April 2, 2020
My Dear Reader,
In 1743, Scottish poet Robert Blair penned a little-known poem titled the grave. It wasn’t much of a hit and it’s time, and it has very little significance today. Save one line that I think is very fitting our current situation.
“Whistling aloud to bear his courage up, / And lightly tripping o’er the long flat stones
With nettles skirted, and with moss o’ergrown, / That tell in homely phrase who lie below.
Sudden he starts! and hears, or thinks he hears, / The sound of something purring at his heels”
The story is simply about the main character imagining all the things that happen in a graveyard at night but, how he describes the common phrase whistling past the graveyard, is quite fitting for our economic and social standing today.
While I don’t believe some of the more panicked economic predictions that would tell you that this is the end of modern banking as we know it, or that this is some plot to centralize the US government, I still believe that it is important to stay vigilant against the more measured, but real impact of this artificial collapse. I believe it should be a warning against traditional Financial Planning and Wall Street products, yet I feel and fear that will be lost in the aftermath. Nevertheless I have begun penning a series of essays which I want to title “Save like an American”. Which will encompass our economic issues, but more importantly how to avoid them. I will also be authoring a separate series of essays which I’d like to call “A season for tyranny” which I will make available to you via PDF by request.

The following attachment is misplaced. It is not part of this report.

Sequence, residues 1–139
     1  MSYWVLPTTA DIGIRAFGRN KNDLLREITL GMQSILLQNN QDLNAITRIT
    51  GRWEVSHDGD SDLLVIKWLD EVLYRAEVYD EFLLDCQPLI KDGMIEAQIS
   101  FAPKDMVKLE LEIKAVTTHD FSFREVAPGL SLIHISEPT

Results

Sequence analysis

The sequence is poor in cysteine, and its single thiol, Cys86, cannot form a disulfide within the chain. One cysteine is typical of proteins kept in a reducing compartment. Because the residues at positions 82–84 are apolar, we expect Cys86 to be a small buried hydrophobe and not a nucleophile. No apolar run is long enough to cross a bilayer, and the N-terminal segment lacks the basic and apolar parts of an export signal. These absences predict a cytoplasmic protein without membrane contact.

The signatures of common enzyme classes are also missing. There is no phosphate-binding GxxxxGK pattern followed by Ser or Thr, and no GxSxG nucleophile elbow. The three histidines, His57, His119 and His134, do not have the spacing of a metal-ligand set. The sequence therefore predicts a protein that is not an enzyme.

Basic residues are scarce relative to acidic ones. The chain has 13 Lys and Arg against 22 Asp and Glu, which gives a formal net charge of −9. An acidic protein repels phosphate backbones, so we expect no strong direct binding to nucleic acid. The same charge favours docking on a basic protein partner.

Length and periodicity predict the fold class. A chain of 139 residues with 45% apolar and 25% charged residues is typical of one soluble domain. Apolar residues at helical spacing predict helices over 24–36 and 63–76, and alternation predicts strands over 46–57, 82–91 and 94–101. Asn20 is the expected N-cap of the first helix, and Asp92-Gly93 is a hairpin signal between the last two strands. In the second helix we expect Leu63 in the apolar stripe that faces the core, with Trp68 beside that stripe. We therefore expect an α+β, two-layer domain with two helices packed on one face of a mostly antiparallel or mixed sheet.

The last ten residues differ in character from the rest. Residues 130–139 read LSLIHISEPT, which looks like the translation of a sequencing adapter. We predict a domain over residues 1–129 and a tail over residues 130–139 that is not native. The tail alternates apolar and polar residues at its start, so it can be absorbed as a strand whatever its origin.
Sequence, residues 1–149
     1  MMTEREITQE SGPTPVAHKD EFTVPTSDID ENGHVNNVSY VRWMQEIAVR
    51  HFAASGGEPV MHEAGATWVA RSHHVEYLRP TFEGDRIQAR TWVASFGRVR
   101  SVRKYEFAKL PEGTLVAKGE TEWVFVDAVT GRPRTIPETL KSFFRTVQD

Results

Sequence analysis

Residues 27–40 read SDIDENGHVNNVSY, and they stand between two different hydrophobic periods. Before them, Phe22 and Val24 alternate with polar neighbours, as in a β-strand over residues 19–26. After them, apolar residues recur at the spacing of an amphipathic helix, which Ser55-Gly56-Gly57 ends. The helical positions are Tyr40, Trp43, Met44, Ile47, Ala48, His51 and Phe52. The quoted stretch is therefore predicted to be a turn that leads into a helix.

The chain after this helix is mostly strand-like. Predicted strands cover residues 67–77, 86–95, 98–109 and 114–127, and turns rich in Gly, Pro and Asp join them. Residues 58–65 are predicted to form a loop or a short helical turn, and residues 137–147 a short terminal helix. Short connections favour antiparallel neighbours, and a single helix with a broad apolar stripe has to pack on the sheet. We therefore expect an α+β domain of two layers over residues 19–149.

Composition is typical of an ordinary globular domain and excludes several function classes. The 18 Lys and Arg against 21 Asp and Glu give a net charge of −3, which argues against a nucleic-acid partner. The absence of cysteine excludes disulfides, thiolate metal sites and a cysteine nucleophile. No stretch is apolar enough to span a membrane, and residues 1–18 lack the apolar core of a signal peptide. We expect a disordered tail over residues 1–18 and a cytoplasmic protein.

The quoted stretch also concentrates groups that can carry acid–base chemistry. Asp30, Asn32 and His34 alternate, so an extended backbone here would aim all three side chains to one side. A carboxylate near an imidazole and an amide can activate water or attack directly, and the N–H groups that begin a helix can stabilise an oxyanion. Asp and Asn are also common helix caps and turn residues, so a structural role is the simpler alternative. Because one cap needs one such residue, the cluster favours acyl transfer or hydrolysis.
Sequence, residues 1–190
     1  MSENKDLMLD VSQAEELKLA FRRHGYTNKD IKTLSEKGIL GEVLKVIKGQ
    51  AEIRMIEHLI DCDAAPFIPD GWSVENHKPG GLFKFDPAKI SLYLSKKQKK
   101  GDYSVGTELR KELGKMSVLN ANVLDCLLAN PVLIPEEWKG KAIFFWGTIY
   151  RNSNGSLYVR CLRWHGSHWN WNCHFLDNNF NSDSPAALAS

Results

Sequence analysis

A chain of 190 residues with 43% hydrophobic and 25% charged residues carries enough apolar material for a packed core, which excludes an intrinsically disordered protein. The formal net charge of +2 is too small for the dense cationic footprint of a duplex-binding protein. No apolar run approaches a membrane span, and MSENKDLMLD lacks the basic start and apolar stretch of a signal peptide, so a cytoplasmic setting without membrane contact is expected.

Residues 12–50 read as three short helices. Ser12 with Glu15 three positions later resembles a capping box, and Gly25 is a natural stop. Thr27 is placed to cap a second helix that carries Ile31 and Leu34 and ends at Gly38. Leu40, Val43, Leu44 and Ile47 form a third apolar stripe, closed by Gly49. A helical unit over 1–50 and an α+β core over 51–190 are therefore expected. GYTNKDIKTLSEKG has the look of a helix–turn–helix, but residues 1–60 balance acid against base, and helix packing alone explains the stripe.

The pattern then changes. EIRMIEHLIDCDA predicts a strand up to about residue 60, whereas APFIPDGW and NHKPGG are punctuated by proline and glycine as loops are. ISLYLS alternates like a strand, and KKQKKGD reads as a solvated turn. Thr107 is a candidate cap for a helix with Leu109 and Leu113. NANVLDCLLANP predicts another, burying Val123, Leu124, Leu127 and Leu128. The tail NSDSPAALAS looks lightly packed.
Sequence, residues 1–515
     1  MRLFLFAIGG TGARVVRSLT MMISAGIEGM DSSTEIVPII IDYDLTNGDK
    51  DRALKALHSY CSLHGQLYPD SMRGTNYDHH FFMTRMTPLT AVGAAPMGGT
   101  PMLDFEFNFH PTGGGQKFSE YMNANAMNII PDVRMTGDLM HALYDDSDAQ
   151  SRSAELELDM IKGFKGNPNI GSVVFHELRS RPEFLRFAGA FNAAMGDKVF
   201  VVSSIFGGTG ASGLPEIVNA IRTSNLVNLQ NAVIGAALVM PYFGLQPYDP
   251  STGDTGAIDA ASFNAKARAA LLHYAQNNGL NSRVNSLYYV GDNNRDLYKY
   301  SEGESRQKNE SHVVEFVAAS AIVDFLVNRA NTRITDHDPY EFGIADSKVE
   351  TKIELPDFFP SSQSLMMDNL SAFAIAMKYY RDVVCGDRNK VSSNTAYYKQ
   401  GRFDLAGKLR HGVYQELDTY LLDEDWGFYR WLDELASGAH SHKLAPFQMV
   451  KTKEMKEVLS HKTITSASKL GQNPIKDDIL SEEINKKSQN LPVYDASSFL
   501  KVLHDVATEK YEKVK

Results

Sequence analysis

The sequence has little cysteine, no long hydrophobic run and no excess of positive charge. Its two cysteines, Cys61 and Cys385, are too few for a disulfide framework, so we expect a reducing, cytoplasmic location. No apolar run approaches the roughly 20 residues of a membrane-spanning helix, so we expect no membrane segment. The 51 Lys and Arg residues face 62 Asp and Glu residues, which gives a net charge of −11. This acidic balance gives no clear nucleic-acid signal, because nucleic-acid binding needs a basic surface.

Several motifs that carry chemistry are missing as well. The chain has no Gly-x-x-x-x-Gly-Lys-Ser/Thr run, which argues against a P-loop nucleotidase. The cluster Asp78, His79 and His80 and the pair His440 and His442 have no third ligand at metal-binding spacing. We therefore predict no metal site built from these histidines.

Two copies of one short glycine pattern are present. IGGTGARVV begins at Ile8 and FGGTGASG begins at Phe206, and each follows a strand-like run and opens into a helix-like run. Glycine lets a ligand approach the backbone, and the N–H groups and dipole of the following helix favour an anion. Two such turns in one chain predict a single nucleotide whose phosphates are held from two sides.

These are trying and strange times. But I cannot lose faith in you or our country and her principles. I still have a good feeling that we will prevail. After all, anyone can be a cynic. It takes a good person to look at the world and find the good in it.
To your creation and potential,